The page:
changed to a focus of quantity instead of quality. See Exhibit D for a chart showing
    Golden West’s chargeoff ratios from 1968 to 2005.

•            Golden West had a senior management team that had worked together for
    decades to refine the company’s risk-averse strategy and business model, built on making
    quality loans and rejecting high-volume practices. Golden West’s reputation as an ethical
    and risk-averse company was its hallmark, was a matter of great company pride, and was
    important to its success. It makes no sense that the company’s founders and senior
    management would fundamentally alter the strategy and business model that had made
    the company so successful.

•             The company’s continued focus on risk-averse, high-quality lending is supported
    by its operating results (extremely low losses), the testimony of hundreds (if not
    thousands) of former employees from all levels in the company, as well as
    contemporaneous documentation in the form of corporate objectives, meeting notes,
    letters to regulators, and speeches. See
    letters/ for a representative sample of employee letters.

6.       Myth: Golden West was to blame for the housing and economic crisis.


     •           TIME Magazine erroneously included Golden West CEOs Herbert and Marion
         Sandler among the “25 People to Blame For The Economic Mess” in its February 23,
         2009 issue.

     •            Golden West was a risk-averse portfolio lender that kept its loans on its books
         and maintained the same business model for 40+ years. The company did not securitize
         and sell mortgages, did not make subprime loans, and did not participate in any risky
         derivative transactions, such as synthetic collateralized debt obligations or credit default
         swaps. As a portfolio lender concerned about how borrowers performed on their loans,
         Golden West never wavered from its long-standing use of traditional, manual
         underwriting and appraisal practices.

     •           Golden West was always a small player in a huge market. Golden West never
         exceeded 1.75% of the total U.S. residential mortgage market throughout its 40-year
         history. By contrast, mortgage bankers such as Countrywide and Washington Mutual
         grew quickly to 16% and 10% of the residential mortgage market, respectively, and their
         business models incented them to generate growing volumes of loans for sale to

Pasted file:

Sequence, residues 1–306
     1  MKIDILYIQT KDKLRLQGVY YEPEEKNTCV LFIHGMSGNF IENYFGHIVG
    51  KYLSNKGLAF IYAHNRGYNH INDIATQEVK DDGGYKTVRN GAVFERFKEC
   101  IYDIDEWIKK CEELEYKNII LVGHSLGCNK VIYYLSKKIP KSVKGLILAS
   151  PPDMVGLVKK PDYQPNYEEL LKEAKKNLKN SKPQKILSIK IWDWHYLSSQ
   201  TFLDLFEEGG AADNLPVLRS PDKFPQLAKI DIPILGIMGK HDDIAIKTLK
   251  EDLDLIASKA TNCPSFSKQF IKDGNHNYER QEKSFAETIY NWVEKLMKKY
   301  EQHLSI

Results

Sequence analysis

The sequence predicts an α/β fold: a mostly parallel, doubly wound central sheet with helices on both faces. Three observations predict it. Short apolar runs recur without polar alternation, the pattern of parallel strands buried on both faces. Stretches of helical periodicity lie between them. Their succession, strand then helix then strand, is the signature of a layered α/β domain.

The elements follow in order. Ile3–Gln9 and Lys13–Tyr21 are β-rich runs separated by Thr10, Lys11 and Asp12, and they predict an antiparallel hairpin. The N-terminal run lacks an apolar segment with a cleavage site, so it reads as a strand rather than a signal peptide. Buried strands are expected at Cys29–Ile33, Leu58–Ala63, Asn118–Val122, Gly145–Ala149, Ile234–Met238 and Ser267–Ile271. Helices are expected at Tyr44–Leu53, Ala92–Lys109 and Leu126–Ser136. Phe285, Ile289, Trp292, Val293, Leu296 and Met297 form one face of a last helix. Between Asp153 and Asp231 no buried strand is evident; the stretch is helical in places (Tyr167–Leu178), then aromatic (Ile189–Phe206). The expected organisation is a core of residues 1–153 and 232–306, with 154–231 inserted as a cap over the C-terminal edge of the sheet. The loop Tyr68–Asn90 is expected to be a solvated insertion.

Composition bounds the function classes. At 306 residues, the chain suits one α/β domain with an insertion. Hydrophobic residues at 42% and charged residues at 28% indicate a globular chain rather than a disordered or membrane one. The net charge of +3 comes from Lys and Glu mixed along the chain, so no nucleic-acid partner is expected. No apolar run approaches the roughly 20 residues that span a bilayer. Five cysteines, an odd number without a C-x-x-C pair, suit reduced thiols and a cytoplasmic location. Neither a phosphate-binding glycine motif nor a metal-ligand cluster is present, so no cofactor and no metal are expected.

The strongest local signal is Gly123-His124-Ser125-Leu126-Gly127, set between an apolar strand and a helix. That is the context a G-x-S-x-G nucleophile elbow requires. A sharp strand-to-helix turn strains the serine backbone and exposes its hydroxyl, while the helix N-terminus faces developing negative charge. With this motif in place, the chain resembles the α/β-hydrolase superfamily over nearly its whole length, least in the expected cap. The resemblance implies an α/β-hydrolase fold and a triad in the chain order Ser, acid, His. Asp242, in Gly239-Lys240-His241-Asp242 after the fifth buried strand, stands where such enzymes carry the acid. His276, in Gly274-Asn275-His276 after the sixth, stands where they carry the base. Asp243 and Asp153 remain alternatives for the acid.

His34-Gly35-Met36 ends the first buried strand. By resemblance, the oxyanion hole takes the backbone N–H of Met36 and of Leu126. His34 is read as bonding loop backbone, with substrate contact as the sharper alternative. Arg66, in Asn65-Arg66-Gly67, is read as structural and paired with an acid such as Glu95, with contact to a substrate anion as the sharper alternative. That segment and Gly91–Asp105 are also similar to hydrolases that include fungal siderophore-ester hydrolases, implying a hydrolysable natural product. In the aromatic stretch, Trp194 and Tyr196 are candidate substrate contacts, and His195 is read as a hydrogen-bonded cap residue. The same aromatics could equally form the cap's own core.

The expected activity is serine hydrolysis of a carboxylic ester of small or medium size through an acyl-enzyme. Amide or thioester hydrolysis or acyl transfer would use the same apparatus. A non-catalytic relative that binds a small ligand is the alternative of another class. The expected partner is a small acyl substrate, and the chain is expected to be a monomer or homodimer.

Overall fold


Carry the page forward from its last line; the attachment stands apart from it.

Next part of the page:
investors. All of the mortgage bankers also had significant subprime lending operations.

     •            Golden West safely originated a carefully structured portfolio Option ARM loan
         for 25 years, with lower losses than other major lenders, including lenders who originated
         only 30-year fixed-rate mortgages. Wells Fargo has stated that the Golden West portfolio
         it acquired is performing better than originally expected and that only a nominal number
         of loans have any potential to cause payment shock in the coming years. By contrast,
         mortgage bankers significantly altered the structure of the Option ARMs that they
         securitized and sold in huge volumes beginning around 2003; these mortgage banker
         Option ARMs have been reported as causing high levels of payment shock and
         foreclosures to borrowers.

     •            Unlike many other financial institutions, Golden West maintained high levels of
         tangible capital as a safeguard against the unexpected and also strongly advocated for
         regulations that would require banks to maintain high levels of capital, even for
         residential mortgages. Golden West was the only major bank that strongly opposed a
         proposed new capital regulation, Basel 2, that would have permitted banks to
         significantly reduce the capital they had to hold for many assets, including residential

     •            Golden West never experienced a single regulatory lapse or scandal throughout
         its 40+ year history. Golden West advocated for responsible lending and called for
         greater regulatory oversight, transparency and accountability. For example, in May 2006,
         CEO Herbert Sandler submitted a letter to regulators supporting active regulation and
         oversight of mortgage products and warning regulators about the “more aggressive
         practices” used by new ARM originators who sold their loans into the securitization

market. See
Letter-to-Regulators-re-ARM-Guidance-3-29-06.pdf for the 2006 letter.

7.       Myth: Golden West was responsible for Wachovia’s demise.


     •   Wachovia did not fail because of losses in Golden West’s ARM portfolio. With the
         benefit of hindsight, we know that Wachovia acquired Golden West at a peak market and
         that there would be losses in Golden West’s ARM portfolio (as there would be in any
         mortgage portfolio when house prices decline by 50% or more in certain areas).